## -----------------------------------------------------------------------------
round(confint(lm11)[2,],3)
round(confint(lm10)[2,],3)
#' Here we are in the unfortunate situation in which we cannot easily conclude whether there is a significant differentrece between the two slopes. This is because the 95% confidence intervals overlap just a little bit, i.e. they overlap but the estimate of one group is not included in the 95% CI of the other group (see slides of course day 1).
#'
#'
#' ## Question 9
## -----------------------------------------------------------------------------
# compute the difference
DiffInSlope <- coef(lm11)[2]-coef(lm10)[2]
DiffInSlope
# compute the estimated standard error of the difference
seDiffInSlope <- sqrt(summary(lm11)$coef[2,2]^2 + summary(lm10)$coef[2,2]^2)
z <- DiffInSlope/seDiffInSlope
z
# additional: compute a 2-sided p-value
2*(1-pnorm(abs(z)))
#' Yes, we can reject the null hypothesis H0:"the two slopes are equal" because |z|=2.78>1.96. Here the additional computation of the p-value gives P=0.005<5%.
#'
#' ## Question 10
#' We first compute the 95\% prediction intervals of MAP given age in the two populations of subjects with and without SCD.
## -----------------------------------------------------------------------------
# 1. Create dataset with all possible ages (16 to 66)
d.new <- data.frame(age=seq(16,66,by=1))
# 2. Create dataset containing all the ages, predicted values and
# limits of the prediction intervals for subjects with SCD.
d.pi.SCD <- cbind(d.new, predict(lm11, d.new, interval='pred'))
# 3. Visualize the results
head(d.pi.SCD)
# 3. Same for subjects without SCD.
d.pi.noSCD <- cbind(d.new, predict(lm10, d.new, interval='pred'))
head(d.pi.noSCD)
#'
#' **Note:** the appendix contains alternative R code using `ggplot` and `dplyr` packages for creating the same plot.
#'
#' We are now ready to produce the plot.
## ---- fig.height=5------------------------------------------------------------
# We first produce the same plot as before. Then we will add the prediction intervals.
par(mfcol=c(1,1)) # restore no split for the plot area
# First plot red dots, using only the rows in the data SCD which
# correspond to SCD=1.
plot(MAP~age,
data=d[d$SCD==1,],
col="red",
ylab="Mean Arterial Pressure in mmHg",
xlab="Age",
pch=1, # we ask the dots on the plot to be circles
ylim=c(60,120), # we set the range of the y-axis
xlim=c(16,66)) # we set the range of the x-axis
# Second, we add the blue dots. Note that we now use only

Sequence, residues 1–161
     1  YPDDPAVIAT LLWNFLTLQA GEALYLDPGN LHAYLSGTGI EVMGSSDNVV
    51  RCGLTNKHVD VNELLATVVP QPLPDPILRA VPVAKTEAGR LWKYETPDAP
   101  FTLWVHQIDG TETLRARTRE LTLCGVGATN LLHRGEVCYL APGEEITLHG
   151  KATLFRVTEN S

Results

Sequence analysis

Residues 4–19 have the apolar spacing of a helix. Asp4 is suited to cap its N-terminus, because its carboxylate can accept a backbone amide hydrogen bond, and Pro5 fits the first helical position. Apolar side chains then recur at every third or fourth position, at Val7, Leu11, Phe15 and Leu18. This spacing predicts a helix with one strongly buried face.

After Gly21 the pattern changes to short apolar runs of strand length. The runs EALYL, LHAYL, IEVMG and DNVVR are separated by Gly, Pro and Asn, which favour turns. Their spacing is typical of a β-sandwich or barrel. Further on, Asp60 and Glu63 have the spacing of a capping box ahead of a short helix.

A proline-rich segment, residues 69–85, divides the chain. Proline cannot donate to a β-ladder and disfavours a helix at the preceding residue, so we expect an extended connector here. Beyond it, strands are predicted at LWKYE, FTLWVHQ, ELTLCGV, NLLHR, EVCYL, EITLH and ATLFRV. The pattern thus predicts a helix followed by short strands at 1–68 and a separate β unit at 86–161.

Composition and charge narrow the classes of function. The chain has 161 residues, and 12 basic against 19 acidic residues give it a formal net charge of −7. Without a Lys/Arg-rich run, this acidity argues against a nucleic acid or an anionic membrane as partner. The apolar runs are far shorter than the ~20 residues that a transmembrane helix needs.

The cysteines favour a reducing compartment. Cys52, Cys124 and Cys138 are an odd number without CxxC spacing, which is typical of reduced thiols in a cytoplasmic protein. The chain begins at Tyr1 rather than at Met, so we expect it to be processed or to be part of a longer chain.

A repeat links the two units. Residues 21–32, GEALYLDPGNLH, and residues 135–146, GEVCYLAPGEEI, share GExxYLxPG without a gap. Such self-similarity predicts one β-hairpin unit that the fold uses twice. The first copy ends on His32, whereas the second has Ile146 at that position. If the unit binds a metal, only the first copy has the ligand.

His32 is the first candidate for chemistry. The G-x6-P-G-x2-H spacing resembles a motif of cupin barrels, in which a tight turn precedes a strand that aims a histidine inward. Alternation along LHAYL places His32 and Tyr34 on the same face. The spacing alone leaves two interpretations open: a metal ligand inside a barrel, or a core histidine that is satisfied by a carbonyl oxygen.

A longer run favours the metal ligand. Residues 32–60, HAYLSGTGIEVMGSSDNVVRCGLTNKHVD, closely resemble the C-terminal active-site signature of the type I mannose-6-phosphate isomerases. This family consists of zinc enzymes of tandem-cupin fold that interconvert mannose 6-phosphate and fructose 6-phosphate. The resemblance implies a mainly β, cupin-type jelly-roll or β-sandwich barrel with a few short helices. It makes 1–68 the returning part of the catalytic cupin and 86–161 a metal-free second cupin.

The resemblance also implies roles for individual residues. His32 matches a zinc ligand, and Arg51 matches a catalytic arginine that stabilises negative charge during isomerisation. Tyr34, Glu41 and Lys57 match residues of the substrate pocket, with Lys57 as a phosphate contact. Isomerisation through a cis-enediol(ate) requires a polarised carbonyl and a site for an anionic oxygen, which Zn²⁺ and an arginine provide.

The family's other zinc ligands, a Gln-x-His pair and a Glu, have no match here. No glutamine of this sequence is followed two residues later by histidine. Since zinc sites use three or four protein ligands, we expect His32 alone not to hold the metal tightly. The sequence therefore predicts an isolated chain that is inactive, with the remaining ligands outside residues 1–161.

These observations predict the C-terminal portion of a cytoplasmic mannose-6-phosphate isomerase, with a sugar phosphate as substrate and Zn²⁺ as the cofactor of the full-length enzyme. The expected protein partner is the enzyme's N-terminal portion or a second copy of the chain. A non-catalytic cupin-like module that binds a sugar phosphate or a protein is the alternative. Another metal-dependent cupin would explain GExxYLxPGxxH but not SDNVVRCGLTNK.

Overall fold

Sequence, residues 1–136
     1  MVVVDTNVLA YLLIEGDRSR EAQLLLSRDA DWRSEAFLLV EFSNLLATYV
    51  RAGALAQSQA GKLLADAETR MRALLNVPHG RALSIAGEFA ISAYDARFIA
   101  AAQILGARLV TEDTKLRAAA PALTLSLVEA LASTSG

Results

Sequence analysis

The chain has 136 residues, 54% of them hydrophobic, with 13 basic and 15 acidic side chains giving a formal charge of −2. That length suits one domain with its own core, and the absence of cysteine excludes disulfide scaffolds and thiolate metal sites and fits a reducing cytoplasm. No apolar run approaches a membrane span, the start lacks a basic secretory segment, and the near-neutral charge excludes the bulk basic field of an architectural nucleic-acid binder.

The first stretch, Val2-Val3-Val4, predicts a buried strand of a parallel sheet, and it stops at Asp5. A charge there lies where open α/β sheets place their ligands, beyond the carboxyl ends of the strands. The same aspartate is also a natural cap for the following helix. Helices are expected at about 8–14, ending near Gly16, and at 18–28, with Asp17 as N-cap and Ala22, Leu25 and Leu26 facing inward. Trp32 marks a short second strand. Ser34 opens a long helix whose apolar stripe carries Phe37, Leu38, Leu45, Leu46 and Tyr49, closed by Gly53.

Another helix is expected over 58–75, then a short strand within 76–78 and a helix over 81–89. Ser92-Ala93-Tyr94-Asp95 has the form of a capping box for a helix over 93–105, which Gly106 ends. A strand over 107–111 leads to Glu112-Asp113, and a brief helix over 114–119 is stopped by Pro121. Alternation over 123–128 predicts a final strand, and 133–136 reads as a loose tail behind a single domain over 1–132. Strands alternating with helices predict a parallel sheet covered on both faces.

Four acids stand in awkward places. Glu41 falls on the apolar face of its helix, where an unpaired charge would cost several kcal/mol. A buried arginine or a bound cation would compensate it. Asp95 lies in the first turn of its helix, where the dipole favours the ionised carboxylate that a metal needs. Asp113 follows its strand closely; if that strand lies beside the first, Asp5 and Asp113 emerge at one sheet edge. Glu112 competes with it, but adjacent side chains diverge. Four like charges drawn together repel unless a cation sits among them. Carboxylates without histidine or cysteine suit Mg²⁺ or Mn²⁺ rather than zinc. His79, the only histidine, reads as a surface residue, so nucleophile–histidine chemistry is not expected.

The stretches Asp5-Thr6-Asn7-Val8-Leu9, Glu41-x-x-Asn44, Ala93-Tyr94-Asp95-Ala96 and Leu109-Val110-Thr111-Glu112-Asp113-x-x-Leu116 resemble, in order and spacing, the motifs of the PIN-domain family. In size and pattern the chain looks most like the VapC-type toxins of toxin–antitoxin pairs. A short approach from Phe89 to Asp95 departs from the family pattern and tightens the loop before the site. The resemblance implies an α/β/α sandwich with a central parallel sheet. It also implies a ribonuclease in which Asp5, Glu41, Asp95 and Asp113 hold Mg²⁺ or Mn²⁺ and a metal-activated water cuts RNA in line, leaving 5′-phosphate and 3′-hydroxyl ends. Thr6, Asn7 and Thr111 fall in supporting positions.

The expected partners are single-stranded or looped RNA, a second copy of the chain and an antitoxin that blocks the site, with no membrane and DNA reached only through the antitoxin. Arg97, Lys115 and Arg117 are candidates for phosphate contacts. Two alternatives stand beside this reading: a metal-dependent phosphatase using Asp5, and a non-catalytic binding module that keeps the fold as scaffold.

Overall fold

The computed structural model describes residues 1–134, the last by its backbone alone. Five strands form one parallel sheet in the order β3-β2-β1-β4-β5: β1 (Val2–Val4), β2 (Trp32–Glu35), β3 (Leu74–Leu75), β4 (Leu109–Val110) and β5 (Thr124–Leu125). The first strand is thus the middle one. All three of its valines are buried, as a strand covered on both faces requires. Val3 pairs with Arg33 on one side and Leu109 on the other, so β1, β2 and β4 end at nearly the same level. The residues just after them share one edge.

# the rows in the data SCD which correspond to SCD=0.
points(d[d$SCD==0,"age"],d[d$SCD==0,"MAP"],
col="blue",
pch=2) # we ask the dots to be triangles
# We fit the two linear models, one for each SCD yes/no group
lm11 <- lm(MAP~age,data=d[d$SCD==1,])
lm10 <- lm(MAP~age,data=d[d$SCD==0,])
# We add the fitted lines for each group.
# Note that lty=2 is to draw dashed lines,
# The lwd option controls the thickness of the line.
abline(lm11,col="red",lty=2,lwd=2)
abline(lm10,col="blue",lty=2,lwd=2)
# Add limits of the 95% prediction intervals
lines(d.pi.SCD$age, d.pi.SCD$upr, lty=2, lwd=3,col="red") # upper limit, SCD=1.
lines(d.pi.SCD$age, d.pi.SCD$lwr, lty=2, lwd=3,col="red") # lower limit, SCD=1.
lines(d.pi.noSCD$age, d.pi.noSCD$upr, lty=2, lwd=3,col="blue") # upper limit, SCD=0.
lines(d.pi.noSCD$age, d.pi.noSCD$lwr, lty=2, lwd=3,col="blue") # lower limit, SCD=0.
# We add a legend
legend("bottomright",c("SCD","No SCD"),pch=1:2,col=c("red","blue"),lty=2)
#'
#' We describe the distribution of the age of subjects with and without SCD using median, first and third quartiles.
## -----------------------------------------------------------------------------
summary(d$age[d$SCD==1])
summary(d$age[d$SCD==0])
#'
#' We note that "most" of the observations are from subjects from 20 to 40 years (in both groups). We have limited data about subjects outside this range, hence it would be wise to not overinterpret the results outside this range. The results are essentially driven and mostly appropriate for the age range 20 to 40. Due to limited data outside this range, it is not really possible to carefully check whether the modeling assumptions seem reasonable also outside the range 20-40.
#'
## ---- fig.height=5------------------------------------------------------------
barplot(table(cut(d$age,breaks=c(15,19.9,40,70))),xlab="Age")
#'
#' # Appendix
#'
#' ## ggplot Q5 \& Q6
#'
## -----------------------------------------------------------------------------
library(ggplot2)
library(dplyr)
d %>%
mutate(SCD = case_when(SCD == 1 ~ "SCD",
SCD == 0 ~ "No SCD")) %>%
ggplot(., aes(y = MAP, x = age, colour = SCD, shape = SCD)) +
geom_point() +
scale_shape_manual(values = c(2,1)) +
scale_colour_manual(values = c("blue", "red")) +
geom_smooth(method = lm, se = FALSE, linetype = "dashed") +
ylab("Mean Arterial Pressure in mmHg") +
xlab("Age") +
xlim(16,60) +
ylim(60,120) +
theme_classic() +
theme(legend.title = element_blank())
#'
#' ## ggplot Q10
#'
## ---- message = FALSE, warning = FALSE----------------------------------------
library(ggplot2)
library(dplyr)
d.pi.SCD <- d.pi.SCD %>% mutate(SCD = "SCD")
d.pi.noSCD <- d.pi.noSCD %>% mutate(SCD = "No SCD")
d %>%
mutate(SCD = case_when(SCD == 1 ~ "SCD",
SCD == 0 ~ "No SCD")) %>%
left_join(d.pi.SCD, by = c("age", "SCD")) %>%
left_join(d.pi.noSCD, by = c("age", "SCD")) %>%
ggplot(., aes(y = MAP, x = age, colour = SCD, shape = SCD)) +
geom_point() +
scale_shape_manual(values = c(2,1)) +
scale_colour_manual(values = c("blue", "red")) +
geom_smooth(method = lm, se = FALSE, linetype = "dashed") +
ylab("Mean Arterial Pressure in mmHg") +
xlab("Age") +
xlim(16,60) +
ylim(60,120) +
theme_classic() +
theme(legend.title = element_blank()) +
geom_line(aes(y = lwr.x, x = age), colour = "red", linetype = "longdash") +
geom_line(aes(y = upr.x, x = age), colour = "red", linetype = "longdash") +
geom_line(aes(y = lwr.y, x = age), colour = "blue", linetype = "longdash") +
geom_line(aes(y = upr.y, x = age), colour = "blue", linetype = "longdash")